Engine based on modified 3.6 litre 964 unit. Speedline wheels with big red brake calipers. Lessons learned in the Carrera Cup series proved the reliability of the new 3.6-litre engine. An additional three millimetres on the bore and two millimetres on the stroke, resulted in an increase in capacity of 300 cc. Combined with the turbo optimised cylinders, pistons and crank train, and an increase in the compression ratio from 7.0 to 7.5:1, this helped to boost power to 360 bhp. Torque was increased significantly to 520 Nm at 4200 rpm, up from 450 Nm at 4500 rpm in the earlier car. Read More
All Porsche 911s are turbocharged these days but the Turbo model is something special. It gets the twin-turbo 3.7-liter flat six with tons of power and a huge $33,000 savings over the Turbo S. Thanks to an output of 573 hp, marking an increase of 32 hp over the predecessor, the new 911 Turbo Cabriolet accelerates from 0 to 60 mph in 2.8 seconds (0.2 seconds faster than before). The Turbo Cabriolet basically handles like a coupe. Read More
It would be a disservice to call this new Turbo a "lesser" car than the Turbo S, but it does have less in most departments. Less power at 573 HP. Less features compared to the jam-packed Turbo S. Most importantly, less money required to put one in your garage. This also is not to say that the new Turbo isn't anything short of a monster. It will still go 0 to 60 in 2.8 seconds, will corner like it was on rails with Porsche Torque Management (PTM) all-wheel-drive. Read More
Porsche made a lightweight version of the Turbo simply known as the Tuubo S. This used the spartan appointments of the Carrera RS with an upgraded version of the Turbo engine. Some cars received graphics on the side celebrating IMSA Supercar Championship. Similar to the Carrera RS, the Turbo S had no power steering, air conditioning, airbags, central locking, alarm system, rear window wiper, smaller window washer reservoir, smaller horn, and had thin-gauge glass. The engine used a second oil cooler and slightly higher boost to improve overall performance. Read More
The 1989/90 change of model year saw the launch of the Porsche 911, 964 series onto the market. This 911 model was initially available as a Coupe, Targa and Convertible. From model year 1991 onwards Porsche also introduced its top-of-the-line model - the Turbo - into this series. In spite of bearing a major similarity in terms of look to the naturally-aspirated model, the extended wings remained. This meant that the new Porsche could retain its turbo look. The 964 Turbo model was the successor to the Porsche 930. The 964 Turbo was the end of an era, the last of the single turbo rear-wheel drive 911 Turbos. Read More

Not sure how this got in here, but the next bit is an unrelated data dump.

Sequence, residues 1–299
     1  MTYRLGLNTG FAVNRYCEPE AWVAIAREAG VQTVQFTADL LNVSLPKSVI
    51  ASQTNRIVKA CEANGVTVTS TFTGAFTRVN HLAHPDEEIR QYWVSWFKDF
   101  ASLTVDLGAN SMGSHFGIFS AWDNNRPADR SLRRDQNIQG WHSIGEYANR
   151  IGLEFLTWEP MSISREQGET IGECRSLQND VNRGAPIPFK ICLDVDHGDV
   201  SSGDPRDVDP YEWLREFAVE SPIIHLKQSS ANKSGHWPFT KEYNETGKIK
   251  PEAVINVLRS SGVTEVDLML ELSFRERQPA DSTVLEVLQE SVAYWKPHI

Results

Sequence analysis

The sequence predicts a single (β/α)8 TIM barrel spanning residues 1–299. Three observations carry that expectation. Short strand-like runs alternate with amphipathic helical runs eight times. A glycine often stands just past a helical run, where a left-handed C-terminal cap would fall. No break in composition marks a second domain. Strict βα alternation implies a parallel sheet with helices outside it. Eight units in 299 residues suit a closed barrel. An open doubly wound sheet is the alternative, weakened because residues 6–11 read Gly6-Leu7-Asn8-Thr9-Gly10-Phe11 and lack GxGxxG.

The Cabriolet version of the 991.2 Turbo got the same updates as its coupe sibling. The engine in the 991.2 911 Turbo Cabriolet is a twin-turbocharged flat-six with 540 horsepower and 523 pound-feet of torque, up a decent 20 more horses versus the 991.1 Turbo Cab. Improvements that come from increases in boost and fuel-injection pressures. Rounding the skidpad, the Turbo posts 1.02 g’s relatively easily. The wide P Zeros in back and the standard four-wheel steering conspire to hide the fact that 62 percent of the Turbo’s 3656 pounds sits over the rear wheels. 0 - 60 mph is over in just 3 seconds. Read More
At the heart of the 991.2 911 Turbo is a twin-turbocharged flat-six with 540 horsepower and 523 pound-feet of torque. That’s a meaningful 20 more horses than the 991.1 Turbo. Improvements that come from increases in boost and fuel-injection pressures. Rounding the skidpad, the Turbo posts 1.02 g’s relatively easily. The wide P Zeros in back and the standard four-wheel steering conspire to hide the fact that 62 percent of the Turbo’s 3656 pounds sits over the rear wheels. With sport-plus selected, the 991.2 Turbo hits a 1.0-second run to 30 mph and a 2.6-second zero-to-60 time. Read More